Who We Root for, and Initial Thoughts on the Cookie Trade

As I am sure every Cleveland fan who is either on social media, has family or friends on social media, or has friends who has friends on social media: the Indians traded franchise icon Francisco Lindor and the soul of the team Carlos Carrasco to the Mets for prospects. There will be smarter voices than I to tell you whether Amed Rosario can recapture the sheen which made him a top 10 prospect in all of baseball (I am betting against this), or how much we can anticipate from Andres Gimenez, and how good the lottery tickets Josh Wolfe and Isaiah Greene are in the long run. Today I want to ask a simple question: do we root for the (as is popular to say on Let's Go Tribe!) the name on the front of the jersey, i.e. the team name, or the name on the back? The answer is not simple, let's consider the two players traded today.

When Francisco Lindor debuted in Cleveland in 2015 it was exciting. Lindor was a high draft pick several years prior, and spent extensive time as the consensus best prospect in the Cleveland system, and ranked among the top prospects in all of baseball. Lindor debuted and immediately impacted the roster. He won the Rookie of the Month Award in September,and finished second to Carlos Correa in the AL Rookie of the Year voting (an award which I think was improperly awarded to the Houston shortstop).

In 2016 Lindor remained quite impressive, batting .301/.358/.435 (OPS+ 106) winning his first Gold Glove, and stealing 19 bases (79% success rate). When the Indians returned to the playoffs after a few year hiatus I earnestly rooted for Lindor to succeed against Cy Young Award winner Rick Porcello (he smacked a home run in the 3rd against him). I yearned for Lindor to make the difference in the ALCS against Toronto (he hit the go ahead home run against Estrada in Game 1). And in the World Series? I counted on Lindor to be the hero as the face of the franchise (he batted a solid .296 but with only one extra base hit against Chicago).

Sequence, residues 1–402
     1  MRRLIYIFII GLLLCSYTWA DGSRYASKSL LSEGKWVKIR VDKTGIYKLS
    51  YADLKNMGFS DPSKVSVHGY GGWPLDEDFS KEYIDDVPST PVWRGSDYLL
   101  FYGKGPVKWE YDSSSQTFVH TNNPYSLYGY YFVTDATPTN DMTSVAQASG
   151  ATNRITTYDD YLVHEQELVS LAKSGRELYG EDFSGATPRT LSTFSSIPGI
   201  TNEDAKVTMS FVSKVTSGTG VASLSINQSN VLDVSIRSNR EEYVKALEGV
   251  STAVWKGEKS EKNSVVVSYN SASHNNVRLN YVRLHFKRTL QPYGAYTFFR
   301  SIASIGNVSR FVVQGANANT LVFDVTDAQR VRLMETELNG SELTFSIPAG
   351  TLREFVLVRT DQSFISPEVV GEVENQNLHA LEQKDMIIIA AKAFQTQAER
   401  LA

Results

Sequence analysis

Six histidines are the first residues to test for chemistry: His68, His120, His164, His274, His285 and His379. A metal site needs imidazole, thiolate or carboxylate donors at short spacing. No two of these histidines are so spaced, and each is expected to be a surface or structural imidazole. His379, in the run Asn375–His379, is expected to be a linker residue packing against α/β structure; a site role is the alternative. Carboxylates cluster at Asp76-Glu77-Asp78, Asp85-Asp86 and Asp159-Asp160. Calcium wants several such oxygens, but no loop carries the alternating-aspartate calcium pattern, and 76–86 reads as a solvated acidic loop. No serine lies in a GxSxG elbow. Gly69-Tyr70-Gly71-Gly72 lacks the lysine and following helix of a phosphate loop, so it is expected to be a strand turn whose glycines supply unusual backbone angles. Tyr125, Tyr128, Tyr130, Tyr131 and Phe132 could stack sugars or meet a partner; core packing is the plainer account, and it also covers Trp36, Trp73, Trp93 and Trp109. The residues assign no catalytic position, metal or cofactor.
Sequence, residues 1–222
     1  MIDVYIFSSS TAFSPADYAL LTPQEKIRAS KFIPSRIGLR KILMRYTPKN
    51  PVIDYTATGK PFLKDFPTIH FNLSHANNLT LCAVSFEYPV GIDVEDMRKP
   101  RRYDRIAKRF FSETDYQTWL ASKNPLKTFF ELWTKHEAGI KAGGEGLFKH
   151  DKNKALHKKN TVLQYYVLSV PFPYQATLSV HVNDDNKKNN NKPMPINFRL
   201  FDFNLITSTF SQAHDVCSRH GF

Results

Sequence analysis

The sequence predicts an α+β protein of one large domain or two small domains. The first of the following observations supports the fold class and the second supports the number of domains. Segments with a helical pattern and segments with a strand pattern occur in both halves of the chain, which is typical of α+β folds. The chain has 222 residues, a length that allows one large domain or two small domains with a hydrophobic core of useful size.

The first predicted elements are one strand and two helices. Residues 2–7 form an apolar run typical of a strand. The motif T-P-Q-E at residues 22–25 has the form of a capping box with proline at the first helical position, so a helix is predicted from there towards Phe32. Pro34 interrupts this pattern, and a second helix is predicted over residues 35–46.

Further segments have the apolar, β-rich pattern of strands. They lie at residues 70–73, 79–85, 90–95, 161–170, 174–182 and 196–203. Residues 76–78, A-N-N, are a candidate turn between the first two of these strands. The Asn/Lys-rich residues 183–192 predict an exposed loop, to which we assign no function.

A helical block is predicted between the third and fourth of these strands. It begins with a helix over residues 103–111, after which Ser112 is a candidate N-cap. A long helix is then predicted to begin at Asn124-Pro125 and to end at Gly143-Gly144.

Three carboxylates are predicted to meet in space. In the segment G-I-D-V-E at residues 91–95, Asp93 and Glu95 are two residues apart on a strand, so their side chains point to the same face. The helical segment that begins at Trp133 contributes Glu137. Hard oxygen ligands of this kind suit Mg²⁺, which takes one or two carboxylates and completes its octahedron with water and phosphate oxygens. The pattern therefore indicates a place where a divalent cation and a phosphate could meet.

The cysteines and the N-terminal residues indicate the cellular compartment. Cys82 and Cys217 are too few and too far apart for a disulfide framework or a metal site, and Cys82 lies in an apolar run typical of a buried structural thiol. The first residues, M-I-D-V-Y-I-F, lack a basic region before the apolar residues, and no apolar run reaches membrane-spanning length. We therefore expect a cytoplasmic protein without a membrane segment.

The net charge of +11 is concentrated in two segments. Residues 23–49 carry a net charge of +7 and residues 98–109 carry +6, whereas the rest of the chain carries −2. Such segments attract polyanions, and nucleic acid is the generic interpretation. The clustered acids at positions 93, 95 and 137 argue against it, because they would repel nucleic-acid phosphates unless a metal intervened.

Lindor rewarded Tribe fans in 2017 with one of the best seasons by a Tribe shortstop in decades, and posted an MVP quality season. In the ALDS against the Yankees he hit a crucial Grand Slam to neary tie Game 2, a game we eventually won, to give us a 2-0 lead over New York in the series. Lindor's joy was obvious and palpable, and made me 100% confident the Indians would win that game. Lindor also proved one of the few sparks of offense against Houston the next year batting a robust .364 in the 3 game series.

I was also thoroughly disappointed this past postseason when Lindor was largely absent in our two games against New York, producing one measly double when we needed him most; in his last two games in Cleveland.

My experience of Carlos Carrasco began inauspiciously. To put it bluntly, Carrasco sucked when he debuted. The Indians acquired Cookie in 2009, promptly gave him five opportunities that year, and he proceeded to surrender 23 runs in 22 innings. It took four seasons for Carrasco to produce good results for Cleveland, and he really blossomed in his fifth season (intriguingly 2015, the same year Lindor debuted). Since then, Cookie proved among the most reliable arms in all of baseball. Before the 2015 season Cookie signed a deal with the Indians to keep him an Indian until at least 2018, before the 2019 season he signed an extension with Cleveland to pre-empt trade rumors (the Indians traded Corey Kluber instead).

That summer Carlos revealed his diagnosis of Leukemia. Carrasco recovered from the disease, and returned to the team as a reliever. The stirring moment endeared the right hander to Indians fans, probably for the remainder of his life. Carrasco earned AL Comeback Player of the Year honors that season. To be a Carlos Carrasco fan, in 2019, meant being a Cleveland Indians fan.

Some of my favorite memories as a Tribe fan are embroiled in the two players Cleveland chose to trade today. Carlos Carrasco's return from a cancer diagnosis was moving and inspiring. Nobody could avoid feeling strongly for both Carrasco and the Indians when Cookie returned to the mound (this includes Francisco Lindor). I don't care what anyone says: Lindor leading the comeback against New York in Game 2 of the 2017 ALDS was as inspiring a moment I have ever experienced as an Indians fan.